Date of Conferral
Andrew N. Carpenter
Statistics show that approximately 30.6 million individuals in the United States had an ambulatory disability (AD), the most prevalent disability in the country. In 2010, 17.5% of the disabled population was employed, and only 5% of that employed population had an AD. The purpose of this multiple case study was to understand the decision-making process of small businesses owners in New Jersey when deciding on whether to hire those with AD. Ajzen's theory of planned behavior was utilized in this study to make predictions and explain why individuals engage in a behavior. Interviews were conducted with 16 participants and 22 questionnaires were completed by non-interview participants. The criteria of interview participants included ownership of small businesses within New Jersey and experience with hiring or interviewing an individual with an AD. Questionnaires were given to those businesses that exceeded employee size and lacked experience with AD. participation. Interview transcripts and questionnaires served as the raw data for analysis. Analysis of data consisted of coding using Nvivo software; to assist with identifying patterns and themes. Findings showed employers are willing to hire individuals with AD if they are able to perform the job duties. The results of this study can benefit businesses and individuals with AD seeking employment. Providing a knowledge base for those in the hiring position and those in the candidacy position serves to inform those about what candidates with AD can contribute as an employee and what employers are looking for in an employee. Such benefits may increase the employment opportunity for individuals with AD.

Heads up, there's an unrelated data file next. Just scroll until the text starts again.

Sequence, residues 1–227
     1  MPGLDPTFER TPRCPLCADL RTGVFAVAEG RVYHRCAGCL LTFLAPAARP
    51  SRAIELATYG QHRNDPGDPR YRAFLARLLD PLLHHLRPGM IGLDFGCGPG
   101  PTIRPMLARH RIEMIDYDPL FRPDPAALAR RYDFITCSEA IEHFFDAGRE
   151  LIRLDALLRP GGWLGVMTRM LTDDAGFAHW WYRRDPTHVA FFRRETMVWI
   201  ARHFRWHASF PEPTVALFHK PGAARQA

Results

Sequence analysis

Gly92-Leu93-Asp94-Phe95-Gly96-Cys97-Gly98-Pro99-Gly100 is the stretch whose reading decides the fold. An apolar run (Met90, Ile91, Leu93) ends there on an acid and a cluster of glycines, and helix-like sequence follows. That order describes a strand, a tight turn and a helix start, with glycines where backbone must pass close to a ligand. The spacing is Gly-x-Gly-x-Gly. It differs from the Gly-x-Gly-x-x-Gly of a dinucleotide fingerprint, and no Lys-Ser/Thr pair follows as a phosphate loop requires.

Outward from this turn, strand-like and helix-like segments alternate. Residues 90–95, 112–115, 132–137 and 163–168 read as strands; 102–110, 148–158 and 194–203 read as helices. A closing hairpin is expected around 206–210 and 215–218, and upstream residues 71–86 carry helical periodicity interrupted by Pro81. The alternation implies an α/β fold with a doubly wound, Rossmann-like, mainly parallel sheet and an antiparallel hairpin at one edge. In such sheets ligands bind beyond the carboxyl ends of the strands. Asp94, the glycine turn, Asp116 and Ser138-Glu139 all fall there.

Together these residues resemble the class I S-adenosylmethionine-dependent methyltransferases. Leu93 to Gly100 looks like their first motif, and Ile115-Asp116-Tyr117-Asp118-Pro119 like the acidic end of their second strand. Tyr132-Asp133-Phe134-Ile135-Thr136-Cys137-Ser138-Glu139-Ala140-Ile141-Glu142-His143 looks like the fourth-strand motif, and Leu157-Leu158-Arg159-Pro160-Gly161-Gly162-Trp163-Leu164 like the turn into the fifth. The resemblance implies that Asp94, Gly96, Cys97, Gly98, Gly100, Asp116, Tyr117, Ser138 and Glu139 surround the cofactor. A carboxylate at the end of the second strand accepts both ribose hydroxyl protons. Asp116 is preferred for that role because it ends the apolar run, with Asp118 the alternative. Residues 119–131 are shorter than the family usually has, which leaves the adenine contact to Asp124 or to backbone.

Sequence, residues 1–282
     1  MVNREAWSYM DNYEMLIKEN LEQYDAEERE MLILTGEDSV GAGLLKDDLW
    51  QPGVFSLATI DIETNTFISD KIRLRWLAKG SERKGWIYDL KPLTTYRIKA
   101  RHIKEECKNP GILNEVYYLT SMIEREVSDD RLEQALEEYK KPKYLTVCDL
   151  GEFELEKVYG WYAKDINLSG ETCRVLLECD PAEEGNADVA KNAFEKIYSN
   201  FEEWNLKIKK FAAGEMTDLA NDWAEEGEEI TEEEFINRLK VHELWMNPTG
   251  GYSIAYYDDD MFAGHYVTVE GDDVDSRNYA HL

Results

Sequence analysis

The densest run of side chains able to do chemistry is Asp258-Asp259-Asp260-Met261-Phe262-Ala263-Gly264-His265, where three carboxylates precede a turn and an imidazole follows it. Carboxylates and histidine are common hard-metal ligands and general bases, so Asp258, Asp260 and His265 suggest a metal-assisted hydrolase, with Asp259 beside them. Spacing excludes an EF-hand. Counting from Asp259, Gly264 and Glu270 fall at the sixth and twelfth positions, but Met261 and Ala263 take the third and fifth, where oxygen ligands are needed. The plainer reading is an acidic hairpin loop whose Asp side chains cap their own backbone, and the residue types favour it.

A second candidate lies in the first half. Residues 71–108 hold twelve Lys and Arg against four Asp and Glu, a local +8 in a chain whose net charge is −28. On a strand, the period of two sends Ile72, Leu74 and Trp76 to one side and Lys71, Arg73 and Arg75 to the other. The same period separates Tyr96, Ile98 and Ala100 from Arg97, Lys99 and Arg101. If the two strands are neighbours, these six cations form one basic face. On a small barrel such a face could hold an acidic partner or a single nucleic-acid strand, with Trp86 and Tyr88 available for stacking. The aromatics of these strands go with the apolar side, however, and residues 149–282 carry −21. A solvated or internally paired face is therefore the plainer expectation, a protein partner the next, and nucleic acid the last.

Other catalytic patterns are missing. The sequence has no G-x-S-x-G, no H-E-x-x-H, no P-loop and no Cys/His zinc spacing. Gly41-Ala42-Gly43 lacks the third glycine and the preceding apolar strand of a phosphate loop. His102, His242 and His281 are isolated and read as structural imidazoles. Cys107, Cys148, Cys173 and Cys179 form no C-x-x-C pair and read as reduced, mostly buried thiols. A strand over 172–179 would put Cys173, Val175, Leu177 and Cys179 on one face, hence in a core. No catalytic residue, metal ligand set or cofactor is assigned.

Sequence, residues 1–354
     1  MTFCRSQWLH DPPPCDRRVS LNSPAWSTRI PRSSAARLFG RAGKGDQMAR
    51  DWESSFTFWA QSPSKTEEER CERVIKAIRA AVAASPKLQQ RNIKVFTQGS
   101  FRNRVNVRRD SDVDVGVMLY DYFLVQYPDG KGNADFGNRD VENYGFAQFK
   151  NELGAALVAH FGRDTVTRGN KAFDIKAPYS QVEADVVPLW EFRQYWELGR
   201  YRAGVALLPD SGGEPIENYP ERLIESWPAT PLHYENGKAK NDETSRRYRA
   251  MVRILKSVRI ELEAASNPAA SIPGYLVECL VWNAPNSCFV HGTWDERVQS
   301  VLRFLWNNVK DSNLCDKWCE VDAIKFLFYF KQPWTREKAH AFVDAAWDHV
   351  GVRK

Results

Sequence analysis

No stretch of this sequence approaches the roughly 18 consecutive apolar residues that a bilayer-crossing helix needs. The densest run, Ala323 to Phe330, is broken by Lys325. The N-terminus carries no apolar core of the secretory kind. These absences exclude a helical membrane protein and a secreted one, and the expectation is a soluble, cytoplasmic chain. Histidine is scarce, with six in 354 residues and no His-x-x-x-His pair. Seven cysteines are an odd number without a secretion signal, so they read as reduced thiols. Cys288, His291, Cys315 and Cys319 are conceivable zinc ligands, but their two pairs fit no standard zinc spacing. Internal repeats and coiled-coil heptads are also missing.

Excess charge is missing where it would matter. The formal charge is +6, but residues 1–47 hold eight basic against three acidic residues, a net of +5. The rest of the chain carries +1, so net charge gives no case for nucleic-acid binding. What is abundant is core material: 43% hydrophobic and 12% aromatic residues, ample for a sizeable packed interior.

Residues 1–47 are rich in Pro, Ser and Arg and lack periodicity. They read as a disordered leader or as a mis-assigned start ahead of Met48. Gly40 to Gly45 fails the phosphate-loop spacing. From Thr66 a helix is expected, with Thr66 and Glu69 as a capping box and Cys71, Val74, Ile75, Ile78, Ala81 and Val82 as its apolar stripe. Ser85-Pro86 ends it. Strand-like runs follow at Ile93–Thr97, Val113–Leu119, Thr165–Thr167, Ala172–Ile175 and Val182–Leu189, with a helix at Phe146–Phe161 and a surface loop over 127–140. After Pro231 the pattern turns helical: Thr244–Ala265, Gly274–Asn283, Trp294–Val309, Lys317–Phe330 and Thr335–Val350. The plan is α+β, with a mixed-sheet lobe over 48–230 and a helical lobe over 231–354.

Aslan, Lindsay, "Hiring Individuals with Ambulatory Disabilities: An Employer's Perspective" (2019). Walden Dissertations and Doctoral Studies. 6392.